Beetles occupy virtually every conceivable habitat, including freshwater (Box 10.6), a few marine and intertidal habitats, and, above all, every vegetational microhabitat from external foliage (Fig. 11.1), flowers, buds, stems, bark, and roots, to internal sites such as in galls in any living plant tissue or in any kind of dead material in all its various states of decomposition. Saprophagy and fungivory are fairly common, and dung and carrion are exploited (sections 9.3 & 9.4, respectively). Few beetles are parasitic but carnivory is frequent, occurring in nearly all Adephaga and many Polyphaga, including Lampyridae (fireflies) and many Coccinellidae (ladybird beetles; vignette to Chapter 16, Fig. 5.9). Herbivorous Chrysomelidae and Curculionidae are widely intro- duced as biological control agents of weedy plants, and Coccinellidae have been used as biological control agents for aphid and coccoid pests of plants (Box 16.2). Some beetles are significant pests of roots in pastures and crops (especially larval Scarabaeidae), of timber (especially Cerambycidae such as Phoracantha semipunctata, illustrated on the upper right, after Duffy 1963), and of stored products (such as the granary weevil, Sitophilus granarius (Curculionidae), illustrated on the lower right). These last beetles tend to be adapted to dry conditions and thrive on stored grains, cereals, pulses, and dried animal material such as skins and leather.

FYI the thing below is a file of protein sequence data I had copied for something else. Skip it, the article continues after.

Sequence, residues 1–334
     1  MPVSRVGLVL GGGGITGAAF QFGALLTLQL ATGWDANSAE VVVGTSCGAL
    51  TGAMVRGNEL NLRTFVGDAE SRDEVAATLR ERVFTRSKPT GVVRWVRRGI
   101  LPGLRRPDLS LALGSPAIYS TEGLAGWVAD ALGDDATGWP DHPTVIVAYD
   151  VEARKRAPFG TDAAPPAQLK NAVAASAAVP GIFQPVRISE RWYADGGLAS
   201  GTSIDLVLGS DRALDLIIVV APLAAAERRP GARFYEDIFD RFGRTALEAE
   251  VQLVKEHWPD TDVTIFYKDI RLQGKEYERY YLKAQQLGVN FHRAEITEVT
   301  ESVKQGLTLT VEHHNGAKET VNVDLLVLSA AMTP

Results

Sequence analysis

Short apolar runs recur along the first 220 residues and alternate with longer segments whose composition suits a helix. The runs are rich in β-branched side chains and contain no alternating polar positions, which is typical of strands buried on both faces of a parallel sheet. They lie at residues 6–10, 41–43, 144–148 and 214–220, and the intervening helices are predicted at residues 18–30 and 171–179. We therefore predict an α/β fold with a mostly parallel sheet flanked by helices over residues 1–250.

(a) fore wing of a butterfly of Danaus (Lepidoptera: Nymphalidae); (b) fore wing of a dragonfly of Urothemis (Odonata: Anisoptera: Libellulidae); (c) fore wing or tegmen of a cockroach of Periplaneta (Blattodea: Blattidae); (d) fore wing or elytron of a beetle of Anomala (Coleoptera: Scarabaeidae); (e) fore wing or hemelytron of a mirid bug (Hemiptera: Heteroptera: Miridae) showing three wing areas — the membrane, corium, and clavus; (f ) fore wing and haltere of a fly of Bibio (Diptera: Bibionidae) (after J.W.H. Trueman, unpublished. ((a-d) After Youdeowei 1977; (f) after McAlpine 1981)
Below is a transverse section of the beetle’s abdomen showing the large air store below the elytra and the tracheae opening into this air space. Note: the tarsi of the fore legs are dilated to form adhesive pads that are used to hold the female during copulation. (Inset after Wigglesworth 1964)
(a) a mole cricket of Gryllotalpa (Orthoptera: Gryllotalpidae); (b) a nymphal periodical cicada of Magicicada (Hemiptera: Cicadidae); and (c) a scarab beetle of Canthon (Coleoptera: Scarabaeidae). ((a) After Frost 1959; (b) after Snodgrass 1967; (c) after Richards & Davies 1977)
Note: the divided compound eye allows the beetle to see both above and below water simultaneously; hydrofuge hairs on the margin of the elytra repel water. (After White et al. 1984)
(a) Abdominal segment 9 of the bristletail Machilis variabilis (Archaeognatha: Machilidae). (b) Aedeagus of a click beetle (Coleoptera: Elateridae). ((a) After Snodgrass 1957)